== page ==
Last summer I asked Bob Brinsmead to compare and contrast his 1960s message with the decidedly different message in PT/V. He responded in part, and some of what he said matters to my own Part 1, which I’m now sharing with you.
Dr. Robert Wolfgramm, (PhD Sociology), a Pacific Islander native who studied Brinsmead’s thinking in the 1970s, said that, looking at Bob’s 1960s message overall, Bob was the first person in SDA history to attempt a real advance on the doctrine of the investigative judgment. Dr. Wolfgramm summed up the Awakening teaching in one sentence: “Perfection by grace, you don’t have to earn it, it is a gift of the judgment.” (As an aside, Wikipedia entries that address Brinsmead’s 1960’s teachings invariably get it wrong – something I speak to in Part 3.)
If Mr. Brinsmead worked hard in the 1950s and 1960s to get the IJ doctrine right, that sort of makes him a small-c conservative. The irony of that ought not to be lost on those who lived through those years, or those who are now looking back on the matter.
So, what then was the problem? What made this matter so toxic?
Here’s what I think happened.
The mid- to late-20th century witnessed the SDA denomination engaging dissent by further expressing and consolidating its presumed privileged role as custodians of revealed truth. In the late 1970s, Mr. Brinsmead sort of knew this, because it was his wish for either Edward Heppenstall or Desmond Ford to unmask the pretensions of the IJ ideology, as they were more inside the tent than he was. This was around the time I did the heavy lifting research of IJ history and origins. Each demurred, so Mr. Brinsmead published 1844 Re-Examined.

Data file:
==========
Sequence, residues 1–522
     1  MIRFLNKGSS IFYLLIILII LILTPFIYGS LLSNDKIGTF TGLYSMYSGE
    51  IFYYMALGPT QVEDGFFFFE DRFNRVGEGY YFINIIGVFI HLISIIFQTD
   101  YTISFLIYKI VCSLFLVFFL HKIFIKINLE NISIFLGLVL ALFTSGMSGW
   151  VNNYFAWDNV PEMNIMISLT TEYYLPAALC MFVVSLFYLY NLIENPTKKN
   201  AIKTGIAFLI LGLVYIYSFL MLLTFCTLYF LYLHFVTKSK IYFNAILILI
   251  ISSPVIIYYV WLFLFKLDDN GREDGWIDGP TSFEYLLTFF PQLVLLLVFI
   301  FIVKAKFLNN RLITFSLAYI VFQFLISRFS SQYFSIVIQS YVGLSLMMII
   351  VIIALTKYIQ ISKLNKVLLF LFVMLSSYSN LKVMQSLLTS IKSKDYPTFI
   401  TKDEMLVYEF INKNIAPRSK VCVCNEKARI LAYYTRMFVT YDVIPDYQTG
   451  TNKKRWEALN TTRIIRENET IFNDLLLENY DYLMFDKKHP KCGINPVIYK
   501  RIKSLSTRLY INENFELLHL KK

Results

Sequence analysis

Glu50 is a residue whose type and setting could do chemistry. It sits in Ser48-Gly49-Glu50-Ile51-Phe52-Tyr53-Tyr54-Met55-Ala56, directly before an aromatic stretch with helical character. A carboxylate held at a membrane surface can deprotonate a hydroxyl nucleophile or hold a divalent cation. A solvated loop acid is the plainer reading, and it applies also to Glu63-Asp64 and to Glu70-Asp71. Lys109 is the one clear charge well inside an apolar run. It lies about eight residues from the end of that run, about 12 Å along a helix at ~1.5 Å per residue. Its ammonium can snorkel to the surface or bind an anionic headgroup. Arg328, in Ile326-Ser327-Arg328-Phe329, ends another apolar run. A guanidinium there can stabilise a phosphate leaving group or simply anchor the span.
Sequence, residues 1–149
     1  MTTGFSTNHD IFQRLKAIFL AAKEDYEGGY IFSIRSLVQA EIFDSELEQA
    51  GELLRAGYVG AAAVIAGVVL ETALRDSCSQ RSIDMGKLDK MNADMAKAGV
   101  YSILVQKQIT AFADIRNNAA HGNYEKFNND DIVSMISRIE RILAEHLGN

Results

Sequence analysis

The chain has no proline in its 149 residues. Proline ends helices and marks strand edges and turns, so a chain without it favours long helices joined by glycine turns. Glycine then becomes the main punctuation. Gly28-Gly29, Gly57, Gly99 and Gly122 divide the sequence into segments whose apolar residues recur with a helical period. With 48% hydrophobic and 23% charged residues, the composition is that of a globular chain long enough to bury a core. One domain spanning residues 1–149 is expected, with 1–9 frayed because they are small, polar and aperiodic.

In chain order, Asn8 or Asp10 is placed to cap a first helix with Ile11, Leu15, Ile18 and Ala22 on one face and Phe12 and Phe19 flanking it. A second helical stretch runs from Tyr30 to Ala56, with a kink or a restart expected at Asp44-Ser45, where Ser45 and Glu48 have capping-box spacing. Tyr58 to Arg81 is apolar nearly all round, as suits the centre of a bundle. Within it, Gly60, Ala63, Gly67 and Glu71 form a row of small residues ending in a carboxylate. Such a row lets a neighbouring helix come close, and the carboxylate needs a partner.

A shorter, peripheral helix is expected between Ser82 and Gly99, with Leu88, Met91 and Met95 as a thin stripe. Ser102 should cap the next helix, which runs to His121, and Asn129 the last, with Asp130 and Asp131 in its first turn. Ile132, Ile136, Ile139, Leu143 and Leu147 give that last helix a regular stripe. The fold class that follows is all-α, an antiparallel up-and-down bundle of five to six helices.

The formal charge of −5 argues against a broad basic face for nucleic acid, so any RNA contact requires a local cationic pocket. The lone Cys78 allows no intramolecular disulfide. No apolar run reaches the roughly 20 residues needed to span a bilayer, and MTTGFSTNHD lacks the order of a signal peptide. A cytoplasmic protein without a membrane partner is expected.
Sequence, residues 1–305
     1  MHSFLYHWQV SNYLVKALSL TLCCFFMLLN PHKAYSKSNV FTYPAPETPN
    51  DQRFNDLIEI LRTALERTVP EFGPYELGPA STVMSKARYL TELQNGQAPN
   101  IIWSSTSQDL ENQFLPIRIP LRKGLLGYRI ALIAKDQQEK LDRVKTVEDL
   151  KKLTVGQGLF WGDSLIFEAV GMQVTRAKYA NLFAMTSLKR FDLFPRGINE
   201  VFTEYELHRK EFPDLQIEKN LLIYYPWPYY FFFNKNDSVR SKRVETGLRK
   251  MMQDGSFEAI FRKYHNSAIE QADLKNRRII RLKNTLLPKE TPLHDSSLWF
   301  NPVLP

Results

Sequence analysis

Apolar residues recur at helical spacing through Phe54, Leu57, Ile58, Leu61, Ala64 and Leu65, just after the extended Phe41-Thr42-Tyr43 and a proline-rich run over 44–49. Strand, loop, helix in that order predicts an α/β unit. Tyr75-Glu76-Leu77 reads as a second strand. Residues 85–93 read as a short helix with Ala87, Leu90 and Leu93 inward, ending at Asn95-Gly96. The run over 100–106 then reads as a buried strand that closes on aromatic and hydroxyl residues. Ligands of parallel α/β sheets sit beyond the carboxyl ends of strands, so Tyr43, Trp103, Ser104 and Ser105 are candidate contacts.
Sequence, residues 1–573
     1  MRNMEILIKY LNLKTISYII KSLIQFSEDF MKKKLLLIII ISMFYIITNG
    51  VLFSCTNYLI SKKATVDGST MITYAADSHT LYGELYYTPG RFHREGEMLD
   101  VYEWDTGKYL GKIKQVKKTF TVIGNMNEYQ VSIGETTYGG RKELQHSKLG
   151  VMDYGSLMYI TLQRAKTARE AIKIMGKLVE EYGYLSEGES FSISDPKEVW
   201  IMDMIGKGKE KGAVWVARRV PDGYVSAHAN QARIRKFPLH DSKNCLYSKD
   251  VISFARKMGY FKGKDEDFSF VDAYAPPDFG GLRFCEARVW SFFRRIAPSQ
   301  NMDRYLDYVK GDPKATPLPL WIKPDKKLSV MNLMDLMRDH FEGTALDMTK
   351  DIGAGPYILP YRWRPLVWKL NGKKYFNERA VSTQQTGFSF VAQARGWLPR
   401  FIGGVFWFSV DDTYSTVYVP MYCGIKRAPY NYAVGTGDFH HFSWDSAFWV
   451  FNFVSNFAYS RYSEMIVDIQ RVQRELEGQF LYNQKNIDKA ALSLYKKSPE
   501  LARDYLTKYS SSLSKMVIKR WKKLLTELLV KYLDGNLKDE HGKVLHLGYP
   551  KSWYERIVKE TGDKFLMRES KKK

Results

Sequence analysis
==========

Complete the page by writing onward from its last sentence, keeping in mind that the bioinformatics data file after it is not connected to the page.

In 1977 Daniel Age and I had an audience with Arthur White in his White Estate office. We were contesting something about EGW’s teaching, and we came with quotes and books. He humored us in a manner of speaking (I am not disparaging him in saying this), but at the end he leaned back in his chair, hooked his thumbs in his trouser waist, and said that these things ought to be simply left to The Brethren.
In 1980 the 27 Fundamental Beliefs first appeared. From thence forward, The Brethren no longer had to engage dissenters, from the margins or otherwise.
After 1980, dissenters or questioners were simply referred to the 27 (now the 28), as William Johnsson did with Walter Martin in a telling 1980s TV program exchange (referenced in Part 3).
Someone weigh in on this: Do LGT groups today support the custodial role of SDA leadership in matters of revealed truth? If they do, isn’t that the real basis of their future influence?